It also depends on how the dividend options for the policy were set up. If it has ‘dividends to additions’ the death benefit keeps increasing rather rapidly. Don’t assume it’s a ‘bad’ policy. Dividends can also be used to pay premiums or as cash value or as cash paid out.

This explains:

http://retirementandinsurance.blogspot.com/p/whole-life-insurance-dividend-options.html

My employer provides 2x salary (up to $150K) for free. To get to a necessary amount of coverage (for the 6.5 years until both kids are done with college!), I buy term life through a professional society (IEEE). The group rates are pretty decent: about $70/month buys me and my wife $500K coverage each (that includes the annual membership in the society, which is required to get the insurance). We’re both 50ish.

Lots of membership organizations provide good term life deals, and protect you from losing coverage in the event of job loss. (If I could get away from employer-based health insurance, I’d do that, too.)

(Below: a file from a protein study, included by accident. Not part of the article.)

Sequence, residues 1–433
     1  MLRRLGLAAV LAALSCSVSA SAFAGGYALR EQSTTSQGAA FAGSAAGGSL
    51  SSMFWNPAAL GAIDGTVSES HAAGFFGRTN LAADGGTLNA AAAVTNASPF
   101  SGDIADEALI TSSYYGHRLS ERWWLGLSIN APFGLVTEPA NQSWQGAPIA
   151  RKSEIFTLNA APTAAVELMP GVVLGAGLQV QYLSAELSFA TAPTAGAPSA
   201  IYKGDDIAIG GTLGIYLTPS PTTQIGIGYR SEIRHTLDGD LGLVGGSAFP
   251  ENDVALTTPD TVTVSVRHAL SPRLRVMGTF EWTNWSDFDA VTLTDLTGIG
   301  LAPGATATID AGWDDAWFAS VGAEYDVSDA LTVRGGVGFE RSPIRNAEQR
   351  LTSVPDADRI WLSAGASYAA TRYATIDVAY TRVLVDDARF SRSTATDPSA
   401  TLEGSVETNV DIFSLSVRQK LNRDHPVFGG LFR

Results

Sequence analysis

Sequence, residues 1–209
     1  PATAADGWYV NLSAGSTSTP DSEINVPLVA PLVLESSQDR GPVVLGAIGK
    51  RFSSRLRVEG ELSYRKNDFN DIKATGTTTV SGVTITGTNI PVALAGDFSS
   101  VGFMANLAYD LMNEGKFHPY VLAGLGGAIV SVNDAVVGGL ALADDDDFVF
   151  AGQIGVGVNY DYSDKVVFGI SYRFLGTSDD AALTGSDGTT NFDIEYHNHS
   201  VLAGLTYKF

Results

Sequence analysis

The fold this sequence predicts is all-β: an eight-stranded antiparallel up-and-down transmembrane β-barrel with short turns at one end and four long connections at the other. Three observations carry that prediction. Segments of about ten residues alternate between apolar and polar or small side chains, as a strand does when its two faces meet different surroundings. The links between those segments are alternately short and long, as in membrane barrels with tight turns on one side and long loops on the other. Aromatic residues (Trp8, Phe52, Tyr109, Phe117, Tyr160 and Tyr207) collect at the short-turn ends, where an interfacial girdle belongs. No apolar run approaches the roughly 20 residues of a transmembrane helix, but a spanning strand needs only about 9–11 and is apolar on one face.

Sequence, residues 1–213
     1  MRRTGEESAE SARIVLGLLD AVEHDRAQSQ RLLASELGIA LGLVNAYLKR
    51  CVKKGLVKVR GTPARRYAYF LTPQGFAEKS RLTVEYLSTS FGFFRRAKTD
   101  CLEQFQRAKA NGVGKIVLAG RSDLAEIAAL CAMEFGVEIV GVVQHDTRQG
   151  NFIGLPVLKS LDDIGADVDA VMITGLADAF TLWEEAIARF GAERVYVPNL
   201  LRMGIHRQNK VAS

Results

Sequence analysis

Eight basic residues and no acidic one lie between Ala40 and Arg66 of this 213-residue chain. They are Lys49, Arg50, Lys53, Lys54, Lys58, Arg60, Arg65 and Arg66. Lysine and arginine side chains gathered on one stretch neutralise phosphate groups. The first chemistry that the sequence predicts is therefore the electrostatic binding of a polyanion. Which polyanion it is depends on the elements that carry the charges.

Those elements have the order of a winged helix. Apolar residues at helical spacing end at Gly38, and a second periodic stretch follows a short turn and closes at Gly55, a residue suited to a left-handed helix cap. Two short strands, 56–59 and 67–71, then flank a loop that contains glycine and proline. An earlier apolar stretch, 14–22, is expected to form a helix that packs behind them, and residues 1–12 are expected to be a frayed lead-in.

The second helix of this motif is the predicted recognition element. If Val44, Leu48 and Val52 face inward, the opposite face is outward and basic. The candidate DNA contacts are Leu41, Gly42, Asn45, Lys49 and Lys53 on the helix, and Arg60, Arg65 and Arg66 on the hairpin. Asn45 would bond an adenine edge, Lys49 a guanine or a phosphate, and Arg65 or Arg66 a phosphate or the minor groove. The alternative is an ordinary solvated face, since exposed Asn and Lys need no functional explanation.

The problem with term life insurance is that it is usually dropped late in life because he premiums increase so much, and the money paid is gone. Whole life costs more because part of the premium is used to purchase permanent insurance coverage which is more likely to be paid out. Term is good if you are young and need a lot of coverage, but you should still have *some *whole life regardless. Many newer whole life policies have investment-grade quality with the tax advantages over pure investments.

Here’s what I mean:

http://en.wikipedia.org/wiki/Variable_universal_life_insurance

That seems to be a high premium, and a low cash value, but, some insurance policies are designed that way. Whole life is one big ripoff, but, if insurance is needed, and there is nothing else available, it beats nothing.
In this case, I would say that if you are insurable, you should cash this out, and, if you want insurance, buy from somewhere else. (Don’t cancel it until you already have a replacement policy.)
Contact Americorps(?? Formerly, AL Williams) and they will give you a free evaluation and can let you know how you can use your money to your advantage, insurance wise.
Ask them to explain the phrase “Buy term and invest the difference.”

I worked as a Whole life salesman, and, as a replacement agent in the 80s.